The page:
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Josephs joines prestigious gem-selling society


Leading Jewelers of the World emphasizes class, quality and customer service.

S. Joseph and Sons Inc., more commonly known as Josephs Jewelers, has long been considered one of Iowa’s premier jewelry companies. This was confirmed April 9 when the Joseph family business was inducted into the prestigious Leading Jewelers of the World.

Leading Jewelers of the World, founded in 2001, has quickly grown in membership and reputation. The group, dedicated to raising the standards for jewelers and promoting excellence in the industry, plans to limit its membership to 150 companies in the United States and 50 abroad. The organization scrupulously examines each candidate’s advertising, community involvement, products and customer service. Only one company per designated market, in Josephs’ case a 60-mile radius of Des Moines, can make the cut.

“They were looking for a store, not to make better, but to hone,” said John Joseph, vice president.

“Stores that are constantly advertising they have the lowest prices in town, or huge discounts would never fly,” said Toby Joseph, president. “[Leading Jewelers] came to us and asked us to join. They looked at the store, and the quality of the advertising   campaigns, the salespeople and the merchandise.”

Leading Jewelers also sent secret shoppers to the stores so they could experience and rate how Josephs treats its customers. Even now, representatives of Leading Jewelers will periodically send shoppers to ensure that Josephs is maintaining its high standards of service.

“It doesn’t intimidate me in the least,” said Shelly Weatherby, a jewelry buyer for Josephs. “Most of our customers in the downtown office are regular customers whom we see time and again. When I see an atypical Josephs customer — someone I don’t recognize — I immediately want to turn them into a Josephs customer. I want them to leave awed by our service, saying ‘I can’t believe I was treated like that, when I just went in for a new watch battery.'”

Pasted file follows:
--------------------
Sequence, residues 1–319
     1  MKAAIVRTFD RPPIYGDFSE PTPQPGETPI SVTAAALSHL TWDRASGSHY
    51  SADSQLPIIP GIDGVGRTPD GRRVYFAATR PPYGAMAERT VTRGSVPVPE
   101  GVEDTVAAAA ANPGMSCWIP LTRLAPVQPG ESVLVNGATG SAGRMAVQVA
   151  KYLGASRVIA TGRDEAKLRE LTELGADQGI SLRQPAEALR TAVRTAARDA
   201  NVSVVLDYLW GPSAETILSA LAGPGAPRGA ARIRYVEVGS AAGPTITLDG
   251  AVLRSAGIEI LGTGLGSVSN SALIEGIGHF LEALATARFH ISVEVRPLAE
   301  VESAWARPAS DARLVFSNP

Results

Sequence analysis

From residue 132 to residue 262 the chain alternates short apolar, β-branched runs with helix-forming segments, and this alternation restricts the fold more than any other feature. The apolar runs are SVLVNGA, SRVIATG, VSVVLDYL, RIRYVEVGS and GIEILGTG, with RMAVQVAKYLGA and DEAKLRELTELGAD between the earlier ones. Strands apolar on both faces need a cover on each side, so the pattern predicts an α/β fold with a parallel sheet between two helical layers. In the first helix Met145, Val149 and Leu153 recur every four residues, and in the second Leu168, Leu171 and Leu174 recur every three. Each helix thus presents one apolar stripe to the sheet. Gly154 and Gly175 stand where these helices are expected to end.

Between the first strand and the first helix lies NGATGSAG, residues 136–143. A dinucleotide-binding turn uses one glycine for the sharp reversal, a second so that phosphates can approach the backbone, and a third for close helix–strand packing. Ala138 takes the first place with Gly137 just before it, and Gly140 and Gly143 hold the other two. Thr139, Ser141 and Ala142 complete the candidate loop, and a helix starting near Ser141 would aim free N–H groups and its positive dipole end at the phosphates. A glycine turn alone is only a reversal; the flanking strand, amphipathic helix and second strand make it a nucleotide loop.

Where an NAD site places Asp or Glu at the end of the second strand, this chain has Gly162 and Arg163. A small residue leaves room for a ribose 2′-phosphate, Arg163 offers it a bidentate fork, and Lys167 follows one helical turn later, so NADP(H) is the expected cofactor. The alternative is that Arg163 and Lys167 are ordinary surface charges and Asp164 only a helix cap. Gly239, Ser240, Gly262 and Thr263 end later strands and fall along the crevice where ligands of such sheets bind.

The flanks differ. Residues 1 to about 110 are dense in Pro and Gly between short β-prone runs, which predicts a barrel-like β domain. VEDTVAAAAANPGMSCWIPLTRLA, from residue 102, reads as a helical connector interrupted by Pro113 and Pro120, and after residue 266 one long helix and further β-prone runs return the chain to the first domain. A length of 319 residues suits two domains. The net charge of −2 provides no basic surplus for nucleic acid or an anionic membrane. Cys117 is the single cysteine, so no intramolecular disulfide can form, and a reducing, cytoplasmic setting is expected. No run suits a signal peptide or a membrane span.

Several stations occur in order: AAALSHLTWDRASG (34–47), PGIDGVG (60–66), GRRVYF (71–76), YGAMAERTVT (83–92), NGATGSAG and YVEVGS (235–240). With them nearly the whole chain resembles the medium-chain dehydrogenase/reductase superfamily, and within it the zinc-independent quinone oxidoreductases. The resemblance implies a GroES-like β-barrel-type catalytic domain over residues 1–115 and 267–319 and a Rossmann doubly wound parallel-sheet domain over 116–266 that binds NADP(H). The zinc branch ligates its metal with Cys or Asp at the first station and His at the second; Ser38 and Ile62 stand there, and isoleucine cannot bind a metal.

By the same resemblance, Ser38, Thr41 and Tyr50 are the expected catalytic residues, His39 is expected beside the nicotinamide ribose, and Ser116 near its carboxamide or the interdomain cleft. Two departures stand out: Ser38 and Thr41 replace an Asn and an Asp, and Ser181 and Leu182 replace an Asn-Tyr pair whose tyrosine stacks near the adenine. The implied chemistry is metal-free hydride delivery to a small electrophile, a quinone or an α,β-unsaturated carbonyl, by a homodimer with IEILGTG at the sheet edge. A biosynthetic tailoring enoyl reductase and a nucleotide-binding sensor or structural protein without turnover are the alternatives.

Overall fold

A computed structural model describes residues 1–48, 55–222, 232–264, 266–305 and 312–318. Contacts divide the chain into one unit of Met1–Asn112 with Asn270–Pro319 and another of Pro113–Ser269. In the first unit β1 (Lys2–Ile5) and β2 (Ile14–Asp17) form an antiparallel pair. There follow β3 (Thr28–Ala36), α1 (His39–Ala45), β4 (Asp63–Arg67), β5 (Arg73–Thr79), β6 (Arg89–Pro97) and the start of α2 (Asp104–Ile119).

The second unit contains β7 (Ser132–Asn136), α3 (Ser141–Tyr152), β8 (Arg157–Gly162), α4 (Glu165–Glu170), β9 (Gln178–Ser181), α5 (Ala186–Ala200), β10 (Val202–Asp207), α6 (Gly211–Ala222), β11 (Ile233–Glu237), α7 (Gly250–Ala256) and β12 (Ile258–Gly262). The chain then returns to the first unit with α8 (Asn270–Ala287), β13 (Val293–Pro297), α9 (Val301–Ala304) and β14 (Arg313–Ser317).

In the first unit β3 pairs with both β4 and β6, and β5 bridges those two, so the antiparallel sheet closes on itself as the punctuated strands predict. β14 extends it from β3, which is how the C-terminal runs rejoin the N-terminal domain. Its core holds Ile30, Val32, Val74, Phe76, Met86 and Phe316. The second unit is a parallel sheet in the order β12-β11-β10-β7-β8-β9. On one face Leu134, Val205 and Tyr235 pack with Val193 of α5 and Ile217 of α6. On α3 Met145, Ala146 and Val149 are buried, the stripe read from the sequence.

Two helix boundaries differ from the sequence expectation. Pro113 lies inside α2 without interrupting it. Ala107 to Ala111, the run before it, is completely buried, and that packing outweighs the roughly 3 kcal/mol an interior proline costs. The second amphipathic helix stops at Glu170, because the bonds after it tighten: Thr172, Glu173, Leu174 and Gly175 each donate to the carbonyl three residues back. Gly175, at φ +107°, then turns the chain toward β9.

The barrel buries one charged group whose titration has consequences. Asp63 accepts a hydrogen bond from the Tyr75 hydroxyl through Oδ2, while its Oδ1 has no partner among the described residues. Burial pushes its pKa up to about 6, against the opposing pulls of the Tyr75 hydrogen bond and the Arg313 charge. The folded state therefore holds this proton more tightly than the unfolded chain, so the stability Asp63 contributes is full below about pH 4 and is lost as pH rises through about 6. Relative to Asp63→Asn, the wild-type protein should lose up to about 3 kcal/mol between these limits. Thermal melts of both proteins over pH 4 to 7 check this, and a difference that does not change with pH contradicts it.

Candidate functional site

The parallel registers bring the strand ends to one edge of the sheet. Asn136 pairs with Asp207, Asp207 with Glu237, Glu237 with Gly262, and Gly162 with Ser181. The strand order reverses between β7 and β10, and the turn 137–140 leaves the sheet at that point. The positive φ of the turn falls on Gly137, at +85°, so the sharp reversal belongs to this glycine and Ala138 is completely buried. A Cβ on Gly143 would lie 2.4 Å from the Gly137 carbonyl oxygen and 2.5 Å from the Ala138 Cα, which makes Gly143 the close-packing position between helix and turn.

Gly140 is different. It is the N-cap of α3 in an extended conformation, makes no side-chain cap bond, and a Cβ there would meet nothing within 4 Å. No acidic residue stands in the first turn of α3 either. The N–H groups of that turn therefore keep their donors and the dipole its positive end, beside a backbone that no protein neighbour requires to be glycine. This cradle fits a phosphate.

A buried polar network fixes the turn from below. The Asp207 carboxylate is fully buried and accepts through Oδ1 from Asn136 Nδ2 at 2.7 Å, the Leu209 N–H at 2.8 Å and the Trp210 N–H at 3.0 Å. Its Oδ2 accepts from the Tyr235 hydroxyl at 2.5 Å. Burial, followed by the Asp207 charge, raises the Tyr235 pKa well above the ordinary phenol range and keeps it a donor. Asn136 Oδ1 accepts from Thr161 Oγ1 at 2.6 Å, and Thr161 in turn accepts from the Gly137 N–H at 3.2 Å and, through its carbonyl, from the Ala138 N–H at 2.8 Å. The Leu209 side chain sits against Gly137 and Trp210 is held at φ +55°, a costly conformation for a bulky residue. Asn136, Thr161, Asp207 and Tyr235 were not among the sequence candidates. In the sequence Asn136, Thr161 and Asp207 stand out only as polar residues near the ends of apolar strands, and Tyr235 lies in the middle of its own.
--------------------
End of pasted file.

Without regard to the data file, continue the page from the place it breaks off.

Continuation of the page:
Weatherby says Josephs is “picky about quality and stringent on ethics.” She admits that other jewelers can perhaps say the same, but membership in Leading Jewelers of the World has validated her belief that Josephs Jewelers is a cut above. She is quick to point out the ways in which her company reaches out to the community. Toby and John Joseph support the Rotary Club, Taylor House and the Kiwanis. The stores throw an annual holiday party for the residents of the Dallas County Care Facility, and workers in the Merle Hay Mall store pick a different event, such as a walkathon, to support each month.

“It felt like we were being rewarded for the ways we go the extra mile,” Weatherby said.

Going the extra mile is essential, according to Toby Joseph. He says there are misconceptions about the ease of walking into an established family business and running it.

“A lot of people think it’s easy to take over a business that has been in the family for four generations, but standards have been set,” he said. “You have an obligation to maintain those standards.”

Solomon Joseph, a German immigrant, started S. Joseph and Sons in 1871 at the corner of Fourth and Walnut streets. The store moved to its present downtown location, 320 Sixth Ave., in 1924 and has since added stores in Merle Hay and Valley West malls.

John and Toby Joseph say their company’s inclusion in Leading Jewelers of the World has helped to ensure a consistent level of service among all three stores. Textbooks on maintaining excellence in jewelry stores are distributed to all stores in the association. Managers hold weekly meetings with all employees to discuss the different topics in the books.

“It was a reminder that there is always more to learn,” Weatherby said. “We just want to get better and better and better.”

“Our employees desire more information,” said John Joseph. “They want to excel, and to have the expectations for them clearly defined.”

“We just want to improve on our 132-year history with a vibrant, exciting store focused on personal relationships and value,” Toby Joseph said.  

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